A very playful octopus named Rudy at the Octolab (previously) was given the challenge finding the method egress in specially designed, increasingly difficult escape rooms. Rudy tackled the first room (hidden door) in a bit over a minute, the second room (tube) in a little more than three minutes, the third room (bridge) in almost four minutes and the fourth room (button) in six and a quarter minutes.
The octopus: Nature’s craftiest escape artist. Is this just another preconception? Is it fact or
is it fiction? We needed to design an experiment and test exactly how much skill a smart octopus would display in order to escape from a confined environment. So we sat down and devised the first-ever escape room for an octopus. After all, escape rooms are great fun! If they are stimulating and entertaining for us, wouldn’t they be
equally beneficial for an octopus?
Rudy was so successful an escape artist that appeared he wanted more to solve.
Rudy surely enjoyed his new playground enormously. He was excited and could not wait for the next challenge to be set up. It was as if he wanted to show us how intelligent and crafty he is.
As always, Octolab ensured that this experiment was completely safe for Rudy, keeping a sharp eye on his stress level.
As always, our main concern was to ensure that the experiment is 100% safe for the octopus. Moreover, we would not allow the octopus to stay in the escape room for more than a few minutes each round in order to eliminate the possibility of him getting stressed.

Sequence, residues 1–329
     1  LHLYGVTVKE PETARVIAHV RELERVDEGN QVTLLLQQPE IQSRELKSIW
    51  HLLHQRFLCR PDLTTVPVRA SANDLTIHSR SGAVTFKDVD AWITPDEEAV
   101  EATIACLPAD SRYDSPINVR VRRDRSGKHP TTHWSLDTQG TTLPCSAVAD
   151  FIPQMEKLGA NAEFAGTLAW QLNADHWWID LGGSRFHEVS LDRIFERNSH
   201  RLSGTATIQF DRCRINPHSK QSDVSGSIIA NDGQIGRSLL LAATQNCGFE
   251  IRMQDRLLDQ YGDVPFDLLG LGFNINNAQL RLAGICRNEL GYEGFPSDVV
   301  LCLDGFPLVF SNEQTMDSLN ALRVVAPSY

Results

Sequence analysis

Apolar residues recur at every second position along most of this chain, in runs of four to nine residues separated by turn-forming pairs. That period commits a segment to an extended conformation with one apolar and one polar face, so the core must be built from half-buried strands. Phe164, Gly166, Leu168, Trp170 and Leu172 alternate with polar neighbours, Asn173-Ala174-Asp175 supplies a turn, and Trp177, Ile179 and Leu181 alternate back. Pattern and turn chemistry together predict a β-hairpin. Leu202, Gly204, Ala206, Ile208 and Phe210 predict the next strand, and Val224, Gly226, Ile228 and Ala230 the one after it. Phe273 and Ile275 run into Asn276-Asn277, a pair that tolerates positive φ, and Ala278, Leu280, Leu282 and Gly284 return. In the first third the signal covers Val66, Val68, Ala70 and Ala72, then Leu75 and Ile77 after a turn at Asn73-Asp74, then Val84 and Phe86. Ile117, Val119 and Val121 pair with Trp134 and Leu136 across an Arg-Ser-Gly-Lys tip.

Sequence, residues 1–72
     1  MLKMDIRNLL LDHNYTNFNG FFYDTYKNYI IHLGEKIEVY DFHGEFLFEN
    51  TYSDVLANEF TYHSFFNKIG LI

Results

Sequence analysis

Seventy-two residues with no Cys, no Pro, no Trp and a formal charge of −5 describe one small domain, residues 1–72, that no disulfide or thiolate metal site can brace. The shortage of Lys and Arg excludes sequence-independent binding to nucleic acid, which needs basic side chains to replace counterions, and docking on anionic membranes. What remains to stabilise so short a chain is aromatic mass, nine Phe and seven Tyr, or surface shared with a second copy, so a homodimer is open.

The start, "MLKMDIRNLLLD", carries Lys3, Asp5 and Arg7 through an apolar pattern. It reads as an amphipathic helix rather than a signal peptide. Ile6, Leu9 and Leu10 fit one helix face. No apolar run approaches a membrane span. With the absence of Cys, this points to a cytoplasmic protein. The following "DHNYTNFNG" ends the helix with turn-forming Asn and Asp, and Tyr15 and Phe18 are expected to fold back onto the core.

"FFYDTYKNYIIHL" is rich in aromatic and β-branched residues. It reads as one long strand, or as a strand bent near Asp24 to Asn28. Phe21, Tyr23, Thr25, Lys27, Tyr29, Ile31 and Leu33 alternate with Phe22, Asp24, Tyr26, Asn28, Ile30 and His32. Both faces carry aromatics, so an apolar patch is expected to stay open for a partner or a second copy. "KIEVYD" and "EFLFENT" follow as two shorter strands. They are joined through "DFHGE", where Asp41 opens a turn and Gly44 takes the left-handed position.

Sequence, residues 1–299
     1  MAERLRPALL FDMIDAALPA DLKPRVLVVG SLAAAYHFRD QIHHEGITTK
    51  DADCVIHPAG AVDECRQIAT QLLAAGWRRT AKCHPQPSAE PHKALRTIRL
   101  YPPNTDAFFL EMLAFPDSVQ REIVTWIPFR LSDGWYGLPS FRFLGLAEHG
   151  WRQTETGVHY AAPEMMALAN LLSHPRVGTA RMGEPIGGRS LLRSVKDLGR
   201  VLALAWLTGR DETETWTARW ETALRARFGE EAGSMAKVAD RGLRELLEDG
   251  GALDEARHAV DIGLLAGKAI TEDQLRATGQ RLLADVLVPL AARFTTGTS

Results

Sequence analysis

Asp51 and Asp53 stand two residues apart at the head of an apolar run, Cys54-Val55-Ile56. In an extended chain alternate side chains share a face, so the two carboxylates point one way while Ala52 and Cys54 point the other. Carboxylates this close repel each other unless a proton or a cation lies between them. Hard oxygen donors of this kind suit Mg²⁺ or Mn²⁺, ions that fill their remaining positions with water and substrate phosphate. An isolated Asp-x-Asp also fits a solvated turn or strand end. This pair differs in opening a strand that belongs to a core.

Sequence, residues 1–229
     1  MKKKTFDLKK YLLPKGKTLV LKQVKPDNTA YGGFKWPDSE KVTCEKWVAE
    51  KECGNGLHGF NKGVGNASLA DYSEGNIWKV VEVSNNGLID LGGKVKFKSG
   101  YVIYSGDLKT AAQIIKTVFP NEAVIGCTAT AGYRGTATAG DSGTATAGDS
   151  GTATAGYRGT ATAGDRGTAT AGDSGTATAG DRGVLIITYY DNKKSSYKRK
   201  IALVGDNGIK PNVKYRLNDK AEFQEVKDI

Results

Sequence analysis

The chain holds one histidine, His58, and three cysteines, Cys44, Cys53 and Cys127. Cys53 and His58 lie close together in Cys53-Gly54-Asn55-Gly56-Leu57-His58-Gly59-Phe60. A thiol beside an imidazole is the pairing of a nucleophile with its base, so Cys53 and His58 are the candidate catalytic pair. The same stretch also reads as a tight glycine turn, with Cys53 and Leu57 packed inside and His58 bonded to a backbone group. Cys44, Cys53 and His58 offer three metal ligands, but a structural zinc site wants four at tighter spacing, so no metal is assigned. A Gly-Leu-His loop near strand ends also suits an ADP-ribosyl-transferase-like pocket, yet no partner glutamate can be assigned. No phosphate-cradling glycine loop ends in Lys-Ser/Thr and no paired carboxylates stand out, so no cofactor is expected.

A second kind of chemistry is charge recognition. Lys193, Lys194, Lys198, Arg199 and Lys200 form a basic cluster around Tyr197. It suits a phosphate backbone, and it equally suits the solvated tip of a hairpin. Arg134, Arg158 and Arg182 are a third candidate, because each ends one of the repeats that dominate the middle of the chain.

Octolab is a research facility that seeks to learn more about these incredible creatures by observing their behavior in a variety of situations. Each and every cephalopod in their care has been rescued from a fisherman’s catches and saved from an otherwise horrific fate.
At no point do we place any of our animals in harm’s way. Our priority is, always has been, and will always be the well-being and health of our octopuses. …All of the eight-armed friends who are part of the Octolab project were rescued from the catch of fishermen. Their fate would have been gruesome otherwise. Quite literally they would have been smashed on the rocks while still alive to “tenderize” them and then hung to dry in the sun before being sold to local seafood restaurants and markets.